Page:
The leading destinations were Mexico (17 percent of total volume), Canada (13 percent), Zimbabwe (13 percent) and the United Kingdom (10 percent). Exports to Mexico (down 45 percent) and Canada (down 27 percent) each declined because of improved domestic supplies in those nations and sharply higher U.S. prices. Meanwhile, despite reduced chickpea volume, shipments to Spain rose 6 percent due to offsetting interest in U.S. Great Northern, dark red kidney, and cranberry beans. Exports to the United Kingdom (down 2 percent) and Japan (down 10 percent) also declined during the first 4 months of the marketing year.
Sharply higher prices for dry beans are drawing increased attention to the U.S. market from other bean-producing nations. Import volume from September to December rose 8 percent from a year earlier. Canada (40 percent of total volume), China (19 percent), Mexico (19 percent), and Thailand (4 percent) were the top import sources. Imports rose for pinto, black, and navy beans, but were lower for light red kidney, lima, and mung beans. Dry bean imports from Thailand consist mainly of mung beans but small amounts of several other classes were also imported. Dry bean import volume from Canada rose 54 percent while volume from China increased 37 percent from a year earlier. Despite a larger U.S. crop last fall, black beans were the single largest import class, with more than 12 million pounds entering over the first 4 months of the marketing year. China accounted for 55 percent of these black bean imports.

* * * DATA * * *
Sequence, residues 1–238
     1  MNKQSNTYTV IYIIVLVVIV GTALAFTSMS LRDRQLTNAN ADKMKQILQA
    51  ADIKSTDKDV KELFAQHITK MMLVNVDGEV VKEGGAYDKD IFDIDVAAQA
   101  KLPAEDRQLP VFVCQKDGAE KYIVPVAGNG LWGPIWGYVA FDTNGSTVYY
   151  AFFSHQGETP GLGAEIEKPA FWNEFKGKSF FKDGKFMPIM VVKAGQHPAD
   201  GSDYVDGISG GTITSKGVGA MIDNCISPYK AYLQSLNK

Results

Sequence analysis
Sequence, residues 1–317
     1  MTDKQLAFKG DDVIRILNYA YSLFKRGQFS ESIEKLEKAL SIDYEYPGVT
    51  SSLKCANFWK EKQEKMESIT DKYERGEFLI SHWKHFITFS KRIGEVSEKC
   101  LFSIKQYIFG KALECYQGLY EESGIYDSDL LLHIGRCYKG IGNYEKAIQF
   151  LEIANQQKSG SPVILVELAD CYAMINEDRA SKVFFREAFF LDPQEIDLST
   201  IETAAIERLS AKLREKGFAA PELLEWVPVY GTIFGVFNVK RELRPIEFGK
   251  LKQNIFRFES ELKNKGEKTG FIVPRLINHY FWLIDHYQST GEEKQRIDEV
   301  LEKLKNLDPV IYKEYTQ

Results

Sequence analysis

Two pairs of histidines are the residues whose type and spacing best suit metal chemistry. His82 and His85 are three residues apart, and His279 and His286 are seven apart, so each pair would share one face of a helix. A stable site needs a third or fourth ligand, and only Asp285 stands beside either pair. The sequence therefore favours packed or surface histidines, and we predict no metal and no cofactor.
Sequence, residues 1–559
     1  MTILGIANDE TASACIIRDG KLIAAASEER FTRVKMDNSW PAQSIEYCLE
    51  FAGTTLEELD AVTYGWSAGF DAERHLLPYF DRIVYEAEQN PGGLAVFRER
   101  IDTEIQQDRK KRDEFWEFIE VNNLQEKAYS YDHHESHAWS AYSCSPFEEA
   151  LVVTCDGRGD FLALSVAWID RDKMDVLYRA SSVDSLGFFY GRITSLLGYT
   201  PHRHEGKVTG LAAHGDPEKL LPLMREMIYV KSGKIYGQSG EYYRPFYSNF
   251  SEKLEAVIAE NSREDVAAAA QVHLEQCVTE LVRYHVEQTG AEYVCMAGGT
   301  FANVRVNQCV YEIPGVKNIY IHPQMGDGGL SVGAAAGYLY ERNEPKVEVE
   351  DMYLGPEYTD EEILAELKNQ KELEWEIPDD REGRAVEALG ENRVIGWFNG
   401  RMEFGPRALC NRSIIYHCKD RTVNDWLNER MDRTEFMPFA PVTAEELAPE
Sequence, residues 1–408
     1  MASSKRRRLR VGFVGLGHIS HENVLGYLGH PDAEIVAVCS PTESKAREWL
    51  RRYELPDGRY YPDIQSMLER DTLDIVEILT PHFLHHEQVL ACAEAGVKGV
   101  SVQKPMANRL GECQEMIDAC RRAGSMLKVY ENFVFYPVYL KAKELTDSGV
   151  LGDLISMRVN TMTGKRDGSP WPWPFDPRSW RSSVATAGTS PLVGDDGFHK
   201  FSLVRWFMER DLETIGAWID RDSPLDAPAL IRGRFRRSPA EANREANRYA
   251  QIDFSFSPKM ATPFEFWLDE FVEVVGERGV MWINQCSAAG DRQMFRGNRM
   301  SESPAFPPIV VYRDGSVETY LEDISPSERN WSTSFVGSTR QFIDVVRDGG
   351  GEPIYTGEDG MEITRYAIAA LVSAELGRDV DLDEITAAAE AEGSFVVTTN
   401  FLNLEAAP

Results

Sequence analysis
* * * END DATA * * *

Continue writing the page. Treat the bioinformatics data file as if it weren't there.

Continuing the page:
Canadian Market Analysis
For 2007-08, total production of pulses and special crops in Canada increased by 10% from 2006-07 to 4.51 million tonnes (Mt), based on Statistics Canada’s (STC) November production estimates. Compared to 2006-07, average yields were lower for dry peas, dry beans, mustard seed, canary seed and sunflower seed, but higher for lentils and chickpeas. Crop abandonment was generally lower than for 2006-07 and lower than normal. Quality was generally lower than for 2006-07, but higher than normal.
Total supply decreased by 6% to 5.28 Mt due to lower carry-in stocks, causing exports, domestic use and carry-out stocks to decrease. Average prices, over all types, grades and markets, are forecast to increase from 2006-07 for dry peas, lentils, dry beans, mustard seed, canary seed, sunflower seed and buckwheat, but decrease marginally for chickpeas. The main factors to watch are currency exchange rates, ocean shipping costs and crop conditions in India, Pakistan, Mexico and the Middle East.
For 2007-08, production and supply decreased because of the 14% lower seeded area and lower yields. Production fell for all major classes of dry beans; white pea, pinto, black, dark and light red kidney, cranberry, Great Northern, pink and small red. Exports are forecast to decrease due to the lower supply. Carry-out stocks are expected to fall to a low level. U.S. production increased by 4% to 1.07 Mt, while supply increased only marginally to 1.22 Mt, as lower carry-in stocks offset most of the production increase. U.S. supply and, to a lesser extent, Canadian supply are the most important factors affecting Canadian prices. The average price, over all types and grades, is forecast to increase because of the lower total U.S. and Canadian supply.
Source: Vegetables and Melons Outlook/VGS-325/February 20, 2008, Economic Research Service, USDA